Not signed in (Sign In)

Start a new discussion

Not signed in

Want to take part in these discussions? Sign in if you have an account, or apply for one below

  • Sign in using OpenID

Site Tag Cloud

2-categories 2-category 2-category-theory abelian-categories adjoint algebra algebraic algebraic-geometry algebraic-topology analysis analytic-geometry arithmetic arithmetic-geometry bundles calculus categories category category-theory chern-weil-theory cohesion cohesive-homotopy-theory cohesive-homotopy-type-theory cohomology colimits combinatorics complex-geometry computable-mathematics computer-science connection constructive constructive-mathematics cosmology definitions deformation-theory descent diagrams differential differential-cohomology differential-equations differential-geometry differential-topology digraphs duality elliptic-cohomology enriched fibration finite foundations functional-analysis functor galois-theory gauge-theory gebra geometric-quantization geometry goodwillie-calculus graph graphs gravity grothendieck group-theory harmonic-analysis higher higher-algebra higher-category-theory higher-differential-geometry higher-geometry higher-lie-theory higher-topos-theory history homological homological-algebra homotopy homotopy-theory homotopy-type-theory index-theory integration integration-theory internal-categories k-theory lie-theory limit limits linear linear-algebra locale localization logic mathematics measure-theory modal-logic model model-category-theory monoidal monoidal-category-theory morphism motives motivic-cohomology multicategories noncommutative noncommutative-geometry number-theory of operads operator operator-algebra order-theory pasting philosophy physics pro-object probability probability-theory quantization quantum quantum-field quantum-field-theory quantum-mechanics quantum-physics quantum-theory question representation representation-theory riemannian-geometry scheme schemes set set-theory sheaf simplicial space spin-geometry stable-homotopy-theory stack string-theory superalgebra supergeometry svg symplectic-geometry synthetic-differential-geometry terminology theory topological topology topos topos-theory type type-theory universal variational-calculus

Vanilla 1.1.10 is a product of Lussumo. More Information: Documentation, Community Support.

Welcome to nForum
If you want to take part in these discussions either sign in now (if you have an account), apply for one now (if you don't).
    • CommentRowNumber1.
    • CommentAuthorAndrew Stacey
    • CommentTimeJun 22nd 2010

    Just got the following query from Harald Hanche-Olsen about the page separation axioms. As I’ve never seen that notation before either (but agree with Harald’s comments in both parts), I’m forwarding it here so that the person who first adopted it (Toby?) or others can chip in.

    I hadn’t seen the notation \stackrel\circ\ni for a neighbourhood before, but it looks like a reasonable notation that I might want to adapt. BUT it seems more appropriate for a neighbourhood of a point rather than a neighbourhood of a set. Wouldn’t \stackrel\circ\supset or \stackrel\circ\supseteq be more appropriate for that case? What is the rationale for the usage on that page?

    • CommentRowNumber2.
    • CommentAuthorHarry Gindi
    • CommentTimeJun 22nd 2010

    Unicode has glyphs for open subset and open superset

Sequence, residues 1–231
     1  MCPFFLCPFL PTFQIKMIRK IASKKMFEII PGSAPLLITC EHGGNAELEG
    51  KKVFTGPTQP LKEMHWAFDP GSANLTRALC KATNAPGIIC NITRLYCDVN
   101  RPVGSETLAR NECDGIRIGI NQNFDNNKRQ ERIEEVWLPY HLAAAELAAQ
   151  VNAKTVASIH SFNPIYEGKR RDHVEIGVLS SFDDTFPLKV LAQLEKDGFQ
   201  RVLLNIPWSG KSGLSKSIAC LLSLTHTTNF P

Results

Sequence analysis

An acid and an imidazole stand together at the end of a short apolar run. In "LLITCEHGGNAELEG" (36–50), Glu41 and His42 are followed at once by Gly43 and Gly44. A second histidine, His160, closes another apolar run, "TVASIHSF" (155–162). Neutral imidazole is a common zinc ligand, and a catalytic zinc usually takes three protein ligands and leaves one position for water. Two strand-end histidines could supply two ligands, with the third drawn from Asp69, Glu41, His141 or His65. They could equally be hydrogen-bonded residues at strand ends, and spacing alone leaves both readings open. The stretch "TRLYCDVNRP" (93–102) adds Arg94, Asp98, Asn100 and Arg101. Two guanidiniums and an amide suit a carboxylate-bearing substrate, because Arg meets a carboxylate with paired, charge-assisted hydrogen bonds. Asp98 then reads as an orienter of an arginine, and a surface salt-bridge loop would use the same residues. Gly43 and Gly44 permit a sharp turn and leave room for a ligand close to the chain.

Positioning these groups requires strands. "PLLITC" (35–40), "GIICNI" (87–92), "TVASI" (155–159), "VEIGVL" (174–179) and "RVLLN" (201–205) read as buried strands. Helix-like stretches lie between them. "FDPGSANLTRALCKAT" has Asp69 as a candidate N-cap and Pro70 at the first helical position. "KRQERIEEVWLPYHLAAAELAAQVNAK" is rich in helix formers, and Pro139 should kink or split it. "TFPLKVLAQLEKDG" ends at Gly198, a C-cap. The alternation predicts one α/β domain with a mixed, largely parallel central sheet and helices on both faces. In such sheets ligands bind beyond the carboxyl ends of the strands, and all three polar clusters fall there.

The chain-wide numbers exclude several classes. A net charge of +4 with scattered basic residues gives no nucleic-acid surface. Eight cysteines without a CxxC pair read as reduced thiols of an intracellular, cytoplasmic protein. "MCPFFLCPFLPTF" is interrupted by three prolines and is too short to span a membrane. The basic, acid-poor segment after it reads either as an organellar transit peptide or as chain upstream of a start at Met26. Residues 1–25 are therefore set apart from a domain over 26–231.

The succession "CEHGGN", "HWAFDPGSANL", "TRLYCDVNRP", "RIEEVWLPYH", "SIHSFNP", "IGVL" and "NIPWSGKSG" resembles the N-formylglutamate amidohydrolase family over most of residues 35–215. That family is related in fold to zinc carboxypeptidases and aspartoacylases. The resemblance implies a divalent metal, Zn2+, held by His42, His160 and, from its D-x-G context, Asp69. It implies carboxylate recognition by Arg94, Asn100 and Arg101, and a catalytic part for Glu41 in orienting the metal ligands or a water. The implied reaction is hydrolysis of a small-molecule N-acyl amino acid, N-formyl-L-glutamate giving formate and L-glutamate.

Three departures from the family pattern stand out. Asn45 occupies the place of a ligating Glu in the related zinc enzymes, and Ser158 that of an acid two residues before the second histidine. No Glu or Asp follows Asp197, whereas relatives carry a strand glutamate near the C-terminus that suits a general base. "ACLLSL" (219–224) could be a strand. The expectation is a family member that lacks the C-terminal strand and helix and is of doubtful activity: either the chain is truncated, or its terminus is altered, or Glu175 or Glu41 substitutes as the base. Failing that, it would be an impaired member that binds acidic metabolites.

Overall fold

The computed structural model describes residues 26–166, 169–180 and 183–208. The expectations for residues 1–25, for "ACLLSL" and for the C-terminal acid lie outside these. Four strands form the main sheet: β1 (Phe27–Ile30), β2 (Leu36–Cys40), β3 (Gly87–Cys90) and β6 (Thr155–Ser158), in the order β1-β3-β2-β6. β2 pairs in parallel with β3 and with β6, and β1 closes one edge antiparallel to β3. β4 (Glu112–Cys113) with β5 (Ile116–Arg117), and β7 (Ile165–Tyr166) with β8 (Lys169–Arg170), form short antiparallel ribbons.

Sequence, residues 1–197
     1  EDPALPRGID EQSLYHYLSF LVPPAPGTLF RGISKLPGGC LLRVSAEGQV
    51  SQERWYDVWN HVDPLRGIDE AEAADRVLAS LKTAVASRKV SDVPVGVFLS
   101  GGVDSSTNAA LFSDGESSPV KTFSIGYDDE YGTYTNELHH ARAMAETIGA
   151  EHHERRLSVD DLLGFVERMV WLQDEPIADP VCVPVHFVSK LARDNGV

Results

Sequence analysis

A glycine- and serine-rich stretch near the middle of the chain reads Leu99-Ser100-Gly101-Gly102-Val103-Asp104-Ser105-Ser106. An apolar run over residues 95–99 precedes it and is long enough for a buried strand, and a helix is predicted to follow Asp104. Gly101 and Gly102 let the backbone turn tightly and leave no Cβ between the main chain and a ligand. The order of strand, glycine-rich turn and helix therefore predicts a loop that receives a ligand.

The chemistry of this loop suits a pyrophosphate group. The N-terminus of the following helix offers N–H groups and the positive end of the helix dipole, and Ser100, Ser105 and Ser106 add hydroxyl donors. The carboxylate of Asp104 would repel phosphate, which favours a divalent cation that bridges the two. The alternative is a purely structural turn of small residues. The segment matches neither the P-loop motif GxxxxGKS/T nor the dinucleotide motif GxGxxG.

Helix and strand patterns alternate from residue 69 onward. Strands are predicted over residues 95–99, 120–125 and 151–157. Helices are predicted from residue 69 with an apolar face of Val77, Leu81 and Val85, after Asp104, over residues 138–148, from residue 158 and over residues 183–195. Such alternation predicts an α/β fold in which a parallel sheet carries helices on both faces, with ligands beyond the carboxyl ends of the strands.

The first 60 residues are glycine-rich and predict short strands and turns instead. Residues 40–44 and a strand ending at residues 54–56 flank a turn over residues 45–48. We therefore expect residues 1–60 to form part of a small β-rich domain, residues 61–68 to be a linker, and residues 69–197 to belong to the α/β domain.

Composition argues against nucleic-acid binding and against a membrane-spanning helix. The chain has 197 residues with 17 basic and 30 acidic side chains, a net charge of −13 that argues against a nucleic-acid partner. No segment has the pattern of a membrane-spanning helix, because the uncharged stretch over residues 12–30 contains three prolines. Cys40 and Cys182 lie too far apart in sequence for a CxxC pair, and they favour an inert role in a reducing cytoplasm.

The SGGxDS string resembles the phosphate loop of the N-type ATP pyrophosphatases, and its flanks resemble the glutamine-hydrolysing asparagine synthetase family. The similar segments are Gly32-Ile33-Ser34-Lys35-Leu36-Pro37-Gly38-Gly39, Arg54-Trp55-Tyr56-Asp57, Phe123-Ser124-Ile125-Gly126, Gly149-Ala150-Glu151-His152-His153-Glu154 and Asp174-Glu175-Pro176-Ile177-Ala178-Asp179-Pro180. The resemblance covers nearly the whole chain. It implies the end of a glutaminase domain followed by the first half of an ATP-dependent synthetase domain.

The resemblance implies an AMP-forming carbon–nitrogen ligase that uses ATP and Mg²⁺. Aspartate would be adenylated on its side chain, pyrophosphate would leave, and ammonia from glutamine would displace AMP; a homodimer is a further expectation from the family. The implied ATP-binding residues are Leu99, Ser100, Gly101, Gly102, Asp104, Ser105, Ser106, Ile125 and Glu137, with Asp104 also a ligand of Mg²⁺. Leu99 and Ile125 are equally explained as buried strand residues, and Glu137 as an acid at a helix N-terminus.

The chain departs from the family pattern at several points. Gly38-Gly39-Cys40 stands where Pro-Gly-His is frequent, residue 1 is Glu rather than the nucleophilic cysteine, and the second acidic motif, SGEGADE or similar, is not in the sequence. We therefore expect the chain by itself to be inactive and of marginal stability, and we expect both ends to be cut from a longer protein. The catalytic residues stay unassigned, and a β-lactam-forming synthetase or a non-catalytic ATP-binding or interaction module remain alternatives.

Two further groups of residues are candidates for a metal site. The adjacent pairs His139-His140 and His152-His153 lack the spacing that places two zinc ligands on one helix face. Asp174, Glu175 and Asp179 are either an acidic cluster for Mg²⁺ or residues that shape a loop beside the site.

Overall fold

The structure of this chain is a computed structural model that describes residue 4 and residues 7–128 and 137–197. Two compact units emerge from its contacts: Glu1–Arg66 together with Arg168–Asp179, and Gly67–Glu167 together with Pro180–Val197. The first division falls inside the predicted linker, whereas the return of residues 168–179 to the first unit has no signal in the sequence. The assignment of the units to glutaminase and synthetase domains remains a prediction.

• CommentRowNumber3.
    • CommentAuthorAndrew Stacey
    • CommentTimeJun 22nd 2010

    What are they?

    Not sure they’d be right here because we don’t want to say “UU is an open subset of XX” but rather “UU is a neighbourhood of FF”. I’m guessing that the notation is meant to suggest “FF is a subset of the interior of UU”.

    • CommentRowNumber4.
    • CommentAuthorHarry Gindi
    • CommentTimeJun 22nd 2010
    • (edited Jun 22nd 2010)

    I can’t actually write them down (and I tried to make them in LaTeX, but I gave up). It’s a \circ in the middle of a \subset (don’t bother trying to make it in LaTeX, the symbols are aligned differently and can’t be composed without doing some serious work with hboxes and vboxes).

    • CommentRowNumber5.
    • CommentAuthorAndrew Stacey
    • CommentTimeJun 22nd 2010

    Ah, I see. You mean ⟃ (and ⟄). So one would write UXU ⟃ X for “UXU \subset X and UU open”.

    (To coin a phrase: iTeX rocks, dude)

    • CommentRowNumber6.
    • CommentAuthorHarry Gindi
    • CommentTimeJun 22nd 2010
    • (edited Jun 22nd 2010)

    Yeah. There’s also a symbol for “closed subset”.

    • CommentRowNumber7.
    • CommentAuthorTobyBartels
    • CommentTimeJun 23rd 2010

    Yes, ‘\stackrel\circ\ni’ should be for a neighbourhood of a point, not for a neighbourhood of a set. (And as far as I know, it’s due to me.) For a neighbourhood of a set, ‘\stackrel\circ\supseteq’ would be good (and is due to Harald).

    • CommentRowNumber8.
    • CommentAuthorTobyBartels
    • CommentTimeJun 23rd 2010

    I’ve fixed the article.

    • CommentRowNumber9.
    • CommentAuthorHarry Gindi
    • CommentTimeJun 23rd 2010

    Hey, Toby, you realize that \ni means “such that”, right?

    • CommentRowNumber10.
    • CommentAuthorTobyBartels
    • CommentTimeJun 23rd 2010

    @ Harry:

    It can, but it also means ‘owns’; that is, AxA \ni x if and only if xAx \in A. Furthermore, there is a fuller form of the ‘such that’ symbol that allows you distinguish it from the ‘owns’ symbol. (Sorry I cannot find it in Unicode, but it amounts to continuing the horizontal line farther to the right.) Finally, there is no need for a symbol that stands for ‘such that’ in the first place! For example, there is no reason to write ‘xP(x)\exists x \ni P(x)’, you just write ‘xP(x)\exists x\, P(x)’. (Sometimes it’s nice to have some punctuation here, such as a comma, but that holds just as well with ‘\forall’.)

    • CommentRowNumber11.
    • CommentAuthorMike Shulman
    • CommentTimeJun 23rd 2010

    I detest the usage of \ni to mean “such that.” (Although I mean that in the nicest possible way, of course. (-: ) I think mathematics makes much more sense if writing a relation symbol backwards means reversing the variables in the relation, cf. x<yx\lt y and y>xy\gt x.

    I usually pronounce \ni as “contains,” although I guess that could also be used to mean \supseteq. Fortunately, in ETCS an element of a set is exactly the same as a singleton subset. (-:

    • CommentRowNumber12.
    • CommentAuthorTodd_Trimble
    • CommentTimeJun 23rd 2010

    Maybe I’m just making this up, but I thought I remembered Freyd calling it “ni”, as in the knights who say… ni!